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The final miracle

Peter previews the League Two Play-Off Final

Peter Beagrie - Peter Beagrie Posted 24th May 2012 view comments

Cheltenham were second favourites for relegation at the start of the season. Now they're slight favourites to go up.

It's been a topsy-turvy and occasionally patchy season for Mark Yates' side. At times they haven't looked like being able to win a game and at other times they've looked unbeatable. But as the season drew to a close, they won six of their last eight and are the form horses in the League Two Play-Offs.

Yates: is he set for Wembley glory

Yates: is he set for Wembley glory

This is Yates' first job in the Football League and he's performed a minor miracle. On Sunday he can become the first man to win promotion via the Play-Offs as both a player and a manager with the same club, having played in the Cheltenham side that beat Grimsby 3-1 in 2006.

When he took over from Martin Allen in December 2009 the club wasn't in great shape, but he's managed to improve their league position every year.

This game boils down to youth against experience with Cheltenham the bigger, stronger and more physical outfit. At this moment in time they are probably the slight favourites and have more depth in their squad to choose from.

Peter Beagrie
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League Two Play-Off Final
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He guided them to sixth this term and they were brilliant in the Play-Off semi-final with Torquay, winning 4-1 over two legs. They had to call upon goalkeeper Scott Brown a few times early on, but they soon took over the game.

They boast several players in form. Ben Burgess has three goals in his last five and James Spencer has two in four. Top scorer Darryl Duffy and 10-goal hitman Jeff Goulding have only been on the bench lately!

Marlon Pack has great ability from set pieces and the speedy ball-carrier Kaid Mohamed will enjoy himself on the Wembley pitch. Jermaine McGlashan was the outstanding player in the semi-finals and I think he will be a real threat to Crewe.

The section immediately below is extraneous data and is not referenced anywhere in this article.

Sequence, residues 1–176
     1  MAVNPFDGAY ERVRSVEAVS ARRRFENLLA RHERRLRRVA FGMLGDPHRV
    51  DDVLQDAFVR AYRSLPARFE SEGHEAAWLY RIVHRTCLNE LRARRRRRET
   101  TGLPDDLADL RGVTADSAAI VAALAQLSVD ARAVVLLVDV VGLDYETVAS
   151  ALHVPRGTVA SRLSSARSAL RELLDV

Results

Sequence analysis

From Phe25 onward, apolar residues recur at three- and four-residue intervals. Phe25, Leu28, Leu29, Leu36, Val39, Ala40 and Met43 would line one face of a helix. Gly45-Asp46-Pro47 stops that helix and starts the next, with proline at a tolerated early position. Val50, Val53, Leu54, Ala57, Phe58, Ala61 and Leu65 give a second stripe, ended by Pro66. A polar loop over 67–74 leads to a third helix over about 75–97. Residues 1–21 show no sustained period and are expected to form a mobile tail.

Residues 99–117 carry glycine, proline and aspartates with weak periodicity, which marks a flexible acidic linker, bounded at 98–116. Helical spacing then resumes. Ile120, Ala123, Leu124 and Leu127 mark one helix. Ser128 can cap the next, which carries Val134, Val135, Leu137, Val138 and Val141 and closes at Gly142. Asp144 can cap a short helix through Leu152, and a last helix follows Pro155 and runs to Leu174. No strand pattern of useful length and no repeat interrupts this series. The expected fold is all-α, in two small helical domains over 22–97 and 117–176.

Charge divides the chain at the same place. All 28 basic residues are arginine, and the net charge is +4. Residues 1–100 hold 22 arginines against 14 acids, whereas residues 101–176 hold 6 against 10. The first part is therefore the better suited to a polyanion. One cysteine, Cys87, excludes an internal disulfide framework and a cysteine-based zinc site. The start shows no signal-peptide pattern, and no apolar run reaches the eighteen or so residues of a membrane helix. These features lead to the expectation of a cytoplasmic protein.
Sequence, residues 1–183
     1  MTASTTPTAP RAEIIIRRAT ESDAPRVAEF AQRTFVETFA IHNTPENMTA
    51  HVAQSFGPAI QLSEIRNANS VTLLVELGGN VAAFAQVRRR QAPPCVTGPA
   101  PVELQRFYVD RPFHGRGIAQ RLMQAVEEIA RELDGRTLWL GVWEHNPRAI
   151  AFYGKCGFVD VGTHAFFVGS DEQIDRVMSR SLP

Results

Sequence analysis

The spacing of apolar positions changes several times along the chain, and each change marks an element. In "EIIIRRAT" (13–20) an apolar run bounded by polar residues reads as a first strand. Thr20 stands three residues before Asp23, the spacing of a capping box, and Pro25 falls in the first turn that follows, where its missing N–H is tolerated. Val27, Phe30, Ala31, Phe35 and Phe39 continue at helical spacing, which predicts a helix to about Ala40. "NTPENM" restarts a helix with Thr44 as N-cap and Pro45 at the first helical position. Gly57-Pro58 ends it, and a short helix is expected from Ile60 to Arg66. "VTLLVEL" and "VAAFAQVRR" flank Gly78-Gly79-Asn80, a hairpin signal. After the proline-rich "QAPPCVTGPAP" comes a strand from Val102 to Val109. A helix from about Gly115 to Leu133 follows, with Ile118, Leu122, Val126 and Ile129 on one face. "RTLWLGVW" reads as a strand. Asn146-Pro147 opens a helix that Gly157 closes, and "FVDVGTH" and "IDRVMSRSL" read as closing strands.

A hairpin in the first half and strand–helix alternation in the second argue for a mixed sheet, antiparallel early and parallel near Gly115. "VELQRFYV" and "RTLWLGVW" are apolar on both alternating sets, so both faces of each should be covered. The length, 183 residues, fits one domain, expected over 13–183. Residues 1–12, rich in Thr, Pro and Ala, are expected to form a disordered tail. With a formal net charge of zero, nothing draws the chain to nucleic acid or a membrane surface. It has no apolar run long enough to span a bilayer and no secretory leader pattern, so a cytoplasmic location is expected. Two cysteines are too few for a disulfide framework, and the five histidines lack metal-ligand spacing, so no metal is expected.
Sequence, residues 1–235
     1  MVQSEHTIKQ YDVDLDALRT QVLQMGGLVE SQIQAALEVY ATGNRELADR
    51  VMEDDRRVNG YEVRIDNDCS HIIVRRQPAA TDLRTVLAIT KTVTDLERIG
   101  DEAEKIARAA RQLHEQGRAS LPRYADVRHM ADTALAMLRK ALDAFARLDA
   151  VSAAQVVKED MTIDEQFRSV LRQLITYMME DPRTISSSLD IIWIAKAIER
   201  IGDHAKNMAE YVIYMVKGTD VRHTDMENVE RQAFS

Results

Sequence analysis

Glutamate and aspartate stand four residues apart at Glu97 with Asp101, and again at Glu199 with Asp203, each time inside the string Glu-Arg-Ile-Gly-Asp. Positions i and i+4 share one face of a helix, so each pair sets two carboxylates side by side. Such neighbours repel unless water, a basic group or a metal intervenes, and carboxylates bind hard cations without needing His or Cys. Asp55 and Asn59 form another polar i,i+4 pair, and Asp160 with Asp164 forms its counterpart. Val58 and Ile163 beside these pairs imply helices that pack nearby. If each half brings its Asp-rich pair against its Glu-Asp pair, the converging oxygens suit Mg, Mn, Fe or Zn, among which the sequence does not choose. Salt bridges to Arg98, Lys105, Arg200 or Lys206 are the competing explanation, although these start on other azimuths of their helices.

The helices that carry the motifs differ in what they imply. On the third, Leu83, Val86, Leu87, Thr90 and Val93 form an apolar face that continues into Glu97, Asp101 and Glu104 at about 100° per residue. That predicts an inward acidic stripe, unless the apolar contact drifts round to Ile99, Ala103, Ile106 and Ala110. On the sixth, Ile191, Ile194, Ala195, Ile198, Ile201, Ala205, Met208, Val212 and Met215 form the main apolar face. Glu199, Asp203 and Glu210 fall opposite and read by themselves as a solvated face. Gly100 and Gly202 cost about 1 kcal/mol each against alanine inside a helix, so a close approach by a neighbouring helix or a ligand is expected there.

Those players have the skill and pace to turn defence into attack and if Cheltenham can get the ball to Mohamed and McGlashan in the wide areas they will be a real threat.


Crewe are another side who have taken huge strides this season.

Steve Davis took the team on a 16-match unbeaten run in early 2012 and that's largely down to the way they have become more solid defensively. David Artell has been a big player for them at the back, as has Adam Dugdale, and they have tightened up tremendously.

But this Crewe side still boasts some very accomplished footballers. Dario Gradi has produced a consistent supply line of Academy talent over the years and that's evident in the current attacking pairing of AJ Leitch-Smith and Nick Powell.

Leitch-Smith runs the channels for fun and makes teams defend deep, which allows Powell to operate behind the centre-halves. He's a tremendously balanced player, full of tricks and a lot of big clubs are looking at him. They are 22 and 18 respectively, but these boys have become men this season, playing with no fear and a smile on their faces.

I understand 18 of Crewe's 26-man squad are Academy graduates and their youth system is as spectacular as ever - but they'll be hoping to be stars of the present, rather than stars of the future when they get to Wembley.


Of the three Play-Off Finals, this is probably the hardest to call. Southend and Torquay were arguably the favourites to reach Wembley, so these two teams don't mind tearing up the form book.

This game boils down to youth against experience with Cheltenham the bigger, stronger and more physical outfit. At this moment in time they are probably the slight favourites and have more depth in their squad to choose from.

But Crewe were able to dispose of a much more experienced Southend team in the semis and will be looking to their likely lads - Leitch-Smith and Powell - to book them a place in League One.

Both teams like to go forward and play football in the right manner and they are worthy finalists. They have earned the right to play in the national stadium and I'm pleased the playing surface is worthy of the venue these days; the ball should run true for these footballing sides.

The old Wembley had 39 steps. This one has 107 steps, but they'll bounce up them with a spring in their boots if they win the game.

It'll feel like 1,007 steps if you end up on the wrong side of the result though...

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